It seems to matter much more in children's / YA writing. This is borne out by conversations yesterday with children's agents.
The Robe of Skulls (Tales from the Five Kingdoms)series.
But, importantly for this point, Viv and other writers "of a certain age" have been doing this for years and know exactly what they're doing. They keep very up-to-date with what's happening in children's writing. Not because they should but because they love it and respect it.
However, too many older writers, especially debut ones, simply don't. You would not believe the number of people who retire and think they'd like to write some cute stories for their grandchildren in their retirement. They think it's so easy - after all, how hard can it be to replicate the little stories of one's youth? Very hard, is how. And if you think of them as little stories you're already lost. You would not believe the derivative crud that too many would-be writers come up with. I have seen it and wept.
This is not about physical age but voice, and just as actors may have voice-training, authors need it, too. Especially children's authors. And voice takes practice and is harder to achieve for the first time if you're older, trying to write for children. It's by no means impossible, but it is harder. The only way to do it is to read the right books voraciously and analytically. And to practise. Vivian French has been practising for years. And writers like her and Joan Lingard (another friend) are trusted because they've got the voice right and know what they're doing. There are many, many others, some of them friends of mine, but I'm not even going to mention them here in case they don't want to talk about age... The point is, they have earned their right to be published by years of practice and honing that voice and keeping up-to-date with what is required of modern writers.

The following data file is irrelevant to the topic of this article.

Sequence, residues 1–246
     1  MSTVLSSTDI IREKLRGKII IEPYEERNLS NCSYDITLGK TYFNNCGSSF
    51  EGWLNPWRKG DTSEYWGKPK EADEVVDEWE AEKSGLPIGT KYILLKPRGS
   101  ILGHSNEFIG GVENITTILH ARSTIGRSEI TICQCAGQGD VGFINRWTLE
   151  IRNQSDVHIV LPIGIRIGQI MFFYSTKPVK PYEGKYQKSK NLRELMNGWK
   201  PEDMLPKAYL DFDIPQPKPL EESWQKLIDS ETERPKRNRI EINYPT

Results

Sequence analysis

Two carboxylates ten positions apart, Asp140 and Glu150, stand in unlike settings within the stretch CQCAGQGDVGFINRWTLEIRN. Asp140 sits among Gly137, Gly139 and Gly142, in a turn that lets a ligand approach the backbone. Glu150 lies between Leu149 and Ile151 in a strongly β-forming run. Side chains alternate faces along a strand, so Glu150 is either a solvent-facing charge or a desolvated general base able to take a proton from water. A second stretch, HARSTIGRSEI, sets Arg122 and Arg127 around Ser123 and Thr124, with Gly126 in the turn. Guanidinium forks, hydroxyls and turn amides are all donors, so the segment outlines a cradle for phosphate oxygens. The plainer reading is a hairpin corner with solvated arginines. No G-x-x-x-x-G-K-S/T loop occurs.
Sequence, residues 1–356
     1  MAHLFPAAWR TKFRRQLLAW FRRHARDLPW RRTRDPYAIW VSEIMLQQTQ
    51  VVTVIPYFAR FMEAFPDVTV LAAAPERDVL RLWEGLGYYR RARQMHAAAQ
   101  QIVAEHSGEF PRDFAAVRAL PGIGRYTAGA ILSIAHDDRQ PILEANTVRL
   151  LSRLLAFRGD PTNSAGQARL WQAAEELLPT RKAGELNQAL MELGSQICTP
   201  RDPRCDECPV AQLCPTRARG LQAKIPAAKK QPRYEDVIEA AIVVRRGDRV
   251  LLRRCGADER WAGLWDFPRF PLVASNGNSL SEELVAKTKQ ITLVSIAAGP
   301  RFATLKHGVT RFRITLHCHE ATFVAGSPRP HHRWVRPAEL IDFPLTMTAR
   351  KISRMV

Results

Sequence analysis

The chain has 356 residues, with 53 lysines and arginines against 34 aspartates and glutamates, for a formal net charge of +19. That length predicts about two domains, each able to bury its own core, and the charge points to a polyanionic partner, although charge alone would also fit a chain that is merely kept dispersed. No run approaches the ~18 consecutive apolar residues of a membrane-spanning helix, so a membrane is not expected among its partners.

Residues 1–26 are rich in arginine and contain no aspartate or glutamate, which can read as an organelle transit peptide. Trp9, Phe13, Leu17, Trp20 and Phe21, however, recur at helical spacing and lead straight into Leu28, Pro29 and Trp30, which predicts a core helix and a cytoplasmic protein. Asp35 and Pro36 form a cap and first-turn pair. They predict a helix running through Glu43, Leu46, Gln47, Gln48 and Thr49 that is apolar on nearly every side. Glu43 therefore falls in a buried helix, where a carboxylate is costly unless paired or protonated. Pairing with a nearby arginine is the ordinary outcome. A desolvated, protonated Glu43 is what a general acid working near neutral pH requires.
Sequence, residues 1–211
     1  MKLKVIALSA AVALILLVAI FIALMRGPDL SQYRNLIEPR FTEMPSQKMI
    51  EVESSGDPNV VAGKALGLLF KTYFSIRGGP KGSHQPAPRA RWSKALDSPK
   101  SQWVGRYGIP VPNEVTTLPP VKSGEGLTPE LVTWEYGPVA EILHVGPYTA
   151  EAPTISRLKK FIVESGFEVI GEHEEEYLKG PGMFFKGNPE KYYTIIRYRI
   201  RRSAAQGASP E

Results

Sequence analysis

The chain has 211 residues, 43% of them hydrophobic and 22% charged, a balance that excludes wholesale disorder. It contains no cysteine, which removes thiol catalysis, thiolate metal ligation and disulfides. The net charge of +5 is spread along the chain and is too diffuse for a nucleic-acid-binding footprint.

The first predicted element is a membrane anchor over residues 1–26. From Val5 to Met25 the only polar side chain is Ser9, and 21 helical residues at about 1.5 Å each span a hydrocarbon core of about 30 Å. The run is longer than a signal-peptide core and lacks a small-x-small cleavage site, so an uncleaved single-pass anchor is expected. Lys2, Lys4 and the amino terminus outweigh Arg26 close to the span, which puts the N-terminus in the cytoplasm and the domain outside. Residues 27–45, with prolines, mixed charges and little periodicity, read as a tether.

But for those of you who haven't been published yet and are trying to write for children and teenagers, please note: anyone can be a modern writer, whatever one's age. But are you a modern writer or are you mired in the past? Because as an older writer you will have to try extra hard to prove that you're not stuck in the past, because - and here's where the prejudice comes - agents and publishers will suspect that you are, if they know that you are an older, unpublished writer aspiring to write for children. This may be unfair, and you may be wonderfully in tune with modern requirements, but they have learnt the statistical truth: that you are more likely to sound fuddy-duddy, and fuddy-duddy is out.
So, while it's not about age but outlook and modernity, it is the case that too many older writers for young people simply refuse to "write modern." It's not about being trendy or tacky - it's about being fresh and not being fuddy-duddy, patronising and twee. The refusal to move with the times means that agents and publishers end up being inundated with old-fashioned writing from older writers.
There's only one answer: get with it, folks! Keep your ears open, and read modern books in genre. Your age should not shine through in your voice. Your age should be entirely irrelevant and invisible.
On the other hand, I'm afraid it's often rather easy to guess the author's age from the writing... You have been warned.